Cotton is ubiquitous in modern life but the long trail between the fields in which the crop grows and the store at which a finished item is purchased is seldom considered. One group, FibrEthik, is working to change that.
FibrEthik, a non-for profit co-operative based in Montreal, Canada, imports and promotes Fair Trade and organic products specifically cotton, yarn, fabrics, and garments. They are directly imported from three scale producers and groups based in India, which are manufactured by socially-oriented organizations.
Beyond manufacturing clothes and housewares, FibrEthik's mission is to educate and raise awareness, not only about the cotton industry but also on sustainable consumption, fair trade, and international solidarity. It is also their goal to promote sustainable consumption and solidarity with small scale producers in poor countries.
They aim to not only to educate about their products but also how the entire process works—from the initial step when cotton is picked to when it is shipped and produced into garments.
This begins with growing cotton. FibrEthik only uses organic cotton, which means that producers do not have to pay for harmful chemicals. This saves them 50% of their production costs. It also makes the growing and processing safer for workers and the environment.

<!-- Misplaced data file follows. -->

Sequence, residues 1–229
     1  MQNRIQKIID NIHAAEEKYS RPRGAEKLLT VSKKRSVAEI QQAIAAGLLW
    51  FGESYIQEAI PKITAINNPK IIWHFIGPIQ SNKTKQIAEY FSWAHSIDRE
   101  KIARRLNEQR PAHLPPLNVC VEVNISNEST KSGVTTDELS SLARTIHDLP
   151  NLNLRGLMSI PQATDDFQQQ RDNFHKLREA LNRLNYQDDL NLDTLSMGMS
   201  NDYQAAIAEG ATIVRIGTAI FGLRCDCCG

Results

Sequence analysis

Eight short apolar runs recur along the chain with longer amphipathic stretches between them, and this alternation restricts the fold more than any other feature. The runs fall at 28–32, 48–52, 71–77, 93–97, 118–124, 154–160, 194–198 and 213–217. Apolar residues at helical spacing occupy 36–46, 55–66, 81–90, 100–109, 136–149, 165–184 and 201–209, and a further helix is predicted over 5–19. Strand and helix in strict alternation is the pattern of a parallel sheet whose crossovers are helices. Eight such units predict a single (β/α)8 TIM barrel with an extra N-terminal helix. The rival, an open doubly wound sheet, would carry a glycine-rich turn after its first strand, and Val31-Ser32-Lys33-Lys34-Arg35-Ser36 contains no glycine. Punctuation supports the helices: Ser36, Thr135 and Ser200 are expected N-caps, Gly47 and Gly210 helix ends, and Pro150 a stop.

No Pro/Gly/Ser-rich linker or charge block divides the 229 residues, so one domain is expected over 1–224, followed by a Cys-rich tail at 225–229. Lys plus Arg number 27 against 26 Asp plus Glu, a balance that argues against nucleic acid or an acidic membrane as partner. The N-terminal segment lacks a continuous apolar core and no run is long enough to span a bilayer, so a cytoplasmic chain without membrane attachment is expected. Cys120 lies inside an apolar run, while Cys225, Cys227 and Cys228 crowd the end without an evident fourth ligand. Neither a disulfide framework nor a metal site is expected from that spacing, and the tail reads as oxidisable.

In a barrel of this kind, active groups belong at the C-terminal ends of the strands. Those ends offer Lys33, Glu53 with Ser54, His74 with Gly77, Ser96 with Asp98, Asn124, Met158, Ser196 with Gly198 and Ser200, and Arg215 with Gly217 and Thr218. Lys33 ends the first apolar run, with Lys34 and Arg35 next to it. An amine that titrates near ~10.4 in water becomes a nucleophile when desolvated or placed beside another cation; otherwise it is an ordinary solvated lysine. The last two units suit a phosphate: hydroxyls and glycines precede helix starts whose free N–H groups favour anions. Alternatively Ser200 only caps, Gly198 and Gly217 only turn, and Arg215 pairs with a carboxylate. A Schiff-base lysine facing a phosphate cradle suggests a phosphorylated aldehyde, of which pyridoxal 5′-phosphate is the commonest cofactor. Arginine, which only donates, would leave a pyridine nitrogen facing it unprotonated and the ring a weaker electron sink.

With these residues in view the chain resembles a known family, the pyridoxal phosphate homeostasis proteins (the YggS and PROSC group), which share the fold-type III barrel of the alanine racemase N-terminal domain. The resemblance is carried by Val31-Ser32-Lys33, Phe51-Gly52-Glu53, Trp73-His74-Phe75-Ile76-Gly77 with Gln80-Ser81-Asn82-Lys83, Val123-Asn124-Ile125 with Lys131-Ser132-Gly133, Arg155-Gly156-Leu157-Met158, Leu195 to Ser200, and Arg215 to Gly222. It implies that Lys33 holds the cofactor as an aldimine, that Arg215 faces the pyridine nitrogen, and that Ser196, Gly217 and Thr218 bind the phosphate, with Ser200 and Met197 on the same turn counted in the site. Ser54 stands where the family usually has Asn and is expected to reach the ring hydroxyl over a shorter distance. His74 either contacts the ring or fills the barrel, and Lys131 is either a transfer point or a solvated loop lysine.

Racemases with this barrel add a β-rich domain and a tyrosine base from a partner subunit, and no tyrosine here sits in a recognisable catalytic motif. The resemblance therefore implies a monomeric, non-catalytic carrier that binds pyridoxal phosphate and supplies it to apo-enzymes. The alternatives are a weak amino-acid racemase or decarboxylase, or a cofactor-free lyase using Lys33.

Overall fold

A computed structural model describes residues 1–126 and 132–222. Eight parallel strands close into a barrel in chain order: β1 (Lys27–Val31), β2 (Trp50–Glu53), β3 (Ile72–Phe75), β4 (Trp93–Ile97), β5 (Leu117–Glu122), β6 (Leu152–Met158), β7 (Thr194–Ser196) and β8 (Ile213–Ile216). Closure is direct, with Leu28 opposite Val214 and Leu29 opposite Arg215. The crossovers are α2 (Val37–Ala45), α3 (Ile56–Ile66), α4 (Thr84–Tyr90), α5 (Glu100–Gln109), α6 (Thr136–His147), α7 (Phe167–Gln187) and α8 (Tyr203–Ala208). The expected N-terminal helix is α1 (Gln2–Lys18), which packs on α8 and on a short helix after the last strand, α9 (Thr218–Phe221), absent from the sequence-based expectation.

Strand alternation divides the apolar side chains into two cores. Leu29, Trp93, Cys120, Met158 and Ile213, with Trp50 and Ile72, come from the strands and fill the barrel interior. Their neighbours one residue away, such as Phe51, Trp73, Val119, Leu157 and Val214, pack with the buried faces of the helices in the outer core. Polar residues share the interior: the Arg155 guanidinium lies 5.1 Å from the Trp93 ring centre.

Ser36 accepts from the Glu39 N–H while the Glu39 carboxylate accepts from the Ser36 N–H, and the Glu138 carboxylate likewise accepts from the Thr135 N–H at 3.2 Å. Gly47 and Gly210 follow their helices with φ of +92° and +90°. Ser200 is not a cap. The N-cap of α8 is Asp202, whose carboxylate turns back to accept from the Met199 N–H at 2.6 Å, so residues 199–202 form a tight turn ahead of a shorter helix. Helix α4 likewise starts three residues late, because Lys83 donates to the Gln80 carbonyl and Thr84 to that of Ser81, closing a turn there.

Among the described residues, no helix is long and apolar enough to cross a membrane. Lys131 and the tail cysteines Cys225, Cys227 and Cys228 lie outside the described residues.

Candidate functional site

Furthermore, the company lobbies for the eco-friendly transformation of cotton at every production step including water purification, traceability, avoiding genetically modified crops, and eliminating any chemicals including heavy metals formaldehydes, and PVCs.
As a Fair Trade organization, FibrEthik ensures that the organic cotton is bought directly from co-op producers. This allows the producers to earn 50% more than the conventional commercial production. Furthermore, Fair Trade premiums generate investments in community development projects like building schools and drip irrigation systems. The irrigation systems alone have proved to be incredibly helpful for the producers foundation, saving up to 70% on water.
In the manufacturing plants as well, efforts have been made to improve working conditions and give back to employees. Factories are monitored by the International Labor Organization, the workers receive benefits, and basic working conditions have been improved.
These efforts filter down to the consumer, too. The products are not just ethical, free of the environmental footprint typically embodied by garments, but free of chemicals as well.
Photographs by Mona Miri; model: Allison Rogers; hair stylist: Brenda Nadolny; make-up stylist: Liz Evenson